Comment: The United States is not "incorporated" in the sense

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The United States is not "incorporated" in the sense

that you are referring to. (which likely stems from a misunderstanding of the Organic Act of 1871)

The phrase "United States" as used in the 14th has been determined by the SCOTUS to mean the government of the several States under the Constitution.

Since the amendment specifically and unequivocally states that the "citizenship" conferred therein applies only to those subject to the jurisdiction of the United States, it is clear that if you are claiming "citizenship" under the 14th, what you are really claiming is access to privileges granted by Congress.

There's nothing in there or even implied there about corporate personhood either for the United States or for any "citizen."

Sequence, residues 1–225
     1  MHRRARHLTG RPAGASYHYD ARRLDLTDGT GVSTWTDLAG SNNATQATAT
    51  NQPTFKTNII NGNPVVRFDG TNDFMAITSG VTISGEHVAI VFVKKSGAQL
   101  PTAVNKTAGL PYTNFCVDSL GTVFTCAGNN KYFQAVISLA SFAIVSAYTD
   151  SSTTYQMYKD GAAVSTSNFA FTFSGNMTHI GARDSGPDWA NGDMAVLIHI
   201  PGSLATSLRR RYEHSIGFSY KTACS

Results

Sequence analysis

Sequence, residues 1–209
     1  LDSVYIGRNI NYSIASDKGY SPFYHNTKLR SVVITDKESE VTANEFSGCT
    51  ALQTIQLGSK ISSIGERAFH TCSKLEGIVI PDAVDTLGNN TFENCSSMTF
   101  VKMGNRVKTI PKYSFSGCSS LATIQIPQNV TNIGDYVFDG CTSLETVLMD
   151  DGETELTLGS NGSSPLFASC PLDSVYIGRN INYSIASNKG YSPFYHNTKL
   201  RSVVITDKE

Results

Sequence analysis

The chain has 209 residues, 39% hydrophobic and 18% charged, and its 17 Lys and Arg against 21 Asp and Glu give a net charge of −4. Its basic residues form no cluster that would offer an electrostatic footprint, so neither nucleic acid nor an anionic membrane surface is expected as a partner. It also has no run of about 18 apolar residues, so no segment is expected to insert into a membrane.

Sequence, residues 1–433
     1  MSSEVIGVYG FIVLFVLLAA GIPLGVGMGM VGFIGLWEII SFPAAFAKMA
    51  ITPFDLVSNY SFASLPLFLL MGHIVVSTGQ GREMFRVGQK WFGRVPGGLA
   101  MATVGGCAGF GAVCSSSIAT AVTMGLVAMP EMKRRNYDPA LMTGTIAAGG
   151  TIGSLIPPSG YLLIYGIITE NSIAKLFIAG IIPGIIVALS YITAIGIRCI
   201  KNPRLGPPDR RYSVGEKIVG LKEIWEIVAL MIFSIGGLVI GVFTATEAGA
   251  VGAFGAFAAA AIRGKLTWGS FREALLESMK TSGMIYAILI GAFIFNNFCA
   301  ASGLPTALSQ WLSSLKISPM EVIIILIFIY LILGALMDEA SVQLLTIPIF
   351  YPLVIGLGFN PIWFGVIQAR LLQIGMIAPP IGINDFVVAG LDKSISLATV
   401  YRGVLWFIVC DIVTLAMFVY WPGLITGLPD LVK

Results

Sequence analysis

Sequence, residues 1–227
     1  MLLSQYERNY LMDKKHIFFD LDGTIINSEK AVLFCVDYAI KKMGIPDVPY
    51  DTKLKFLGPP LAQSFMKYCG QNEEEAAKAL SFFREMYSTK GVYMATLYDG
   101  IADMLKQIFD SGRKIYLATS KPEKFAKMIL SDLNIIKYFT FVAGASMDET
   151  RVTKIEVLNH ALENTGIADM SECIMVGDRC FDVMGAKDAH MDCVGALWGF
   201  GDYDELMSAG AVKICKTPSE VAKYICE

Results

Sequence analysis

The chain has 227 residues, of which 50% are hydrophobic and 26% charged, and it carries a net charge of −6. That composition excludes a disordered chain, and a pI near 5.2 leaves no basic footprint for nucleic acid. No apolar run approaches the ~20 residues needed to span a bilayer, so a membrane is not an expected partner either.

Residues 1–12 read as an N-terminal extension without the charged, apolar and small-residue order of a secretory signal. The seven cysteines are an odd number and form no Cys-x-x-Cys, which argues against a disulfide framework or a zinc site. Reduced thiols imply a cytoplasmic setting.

Those who are "subject" to the jurisdiction of the United States in a geographical sense, would be people living in the District of Columbia, (not because of any incorporation act, but because of Article I § 8's clause about 'exclusive jurisdiction') as well as anyone living in any territory, organized or unorganized, that is not a State.

Likewise, if you are on federal property, while you are on that property, be it on land, or by sea or air, you are under the temporary territorial jurisdiction of Congress. This has nothing to do with being incorporated or being an artificial person. It has everything to do with Article I § 8.

There are also issues of subject matter jurisdiction, but those are much more limited and much harder to define, as they are likely even more transient than territorial jurisdiction in many respects.